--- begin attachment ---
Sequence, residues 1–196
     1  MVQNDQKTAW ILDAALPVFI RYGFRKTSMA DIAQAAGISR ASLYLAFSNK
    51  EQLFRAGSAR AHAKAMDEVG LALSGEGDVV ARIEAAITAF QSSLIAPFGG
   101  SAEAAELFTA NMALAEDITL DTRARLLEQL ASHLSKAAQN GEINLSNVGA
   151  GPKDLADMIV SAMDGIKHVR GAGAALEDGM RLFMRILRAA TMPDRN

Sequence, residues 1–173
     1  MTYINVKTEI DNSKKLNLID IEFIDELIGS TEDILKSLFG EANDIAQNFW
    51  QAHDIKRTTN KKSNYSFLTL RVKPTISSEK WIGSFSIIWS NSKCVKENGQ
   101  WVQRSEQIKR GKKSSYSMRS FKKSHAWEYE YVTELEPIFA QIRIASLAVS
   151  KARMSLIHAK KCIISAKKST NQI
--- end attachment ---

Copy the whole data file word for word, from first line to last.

Sequence, residues 1–196
     1  MVQNDQKTAW ILDAALPVFI RYGFRKTSMA DIAQAAGISR ASLYLAFSNK
    51  EQLFRAGSAR AHAKAMDEVG LALSGEGDVV ARIEAAITAF QSSLIAPFGG
   101  SAEAAELFTA NMALAEDITL DTRARLLEQL ASHLSKAAQN GEINLSNVGA
   151  GPKDLADMIV SAMDGIKHVR GAGAALEDGM RLFMRILRAA TMPDRN

Sequence, residues 1–173
     1  MTYINVKTEI DNSKKLNLID IEFIDELIGS TEDILKSLFG EANDIAQNFW
    51  QAHDIKRTTN KKSNYSFLTL RVKPTISSEK WIGSFSIIWS NSKCVKENGQ
   101  WVQRSEQIKR GKKSSYSMRS FKKSHAWEYE YVTELEPIFA QIRIASLAVS
   151  KARMSLIHAK KCIISAKKST NQI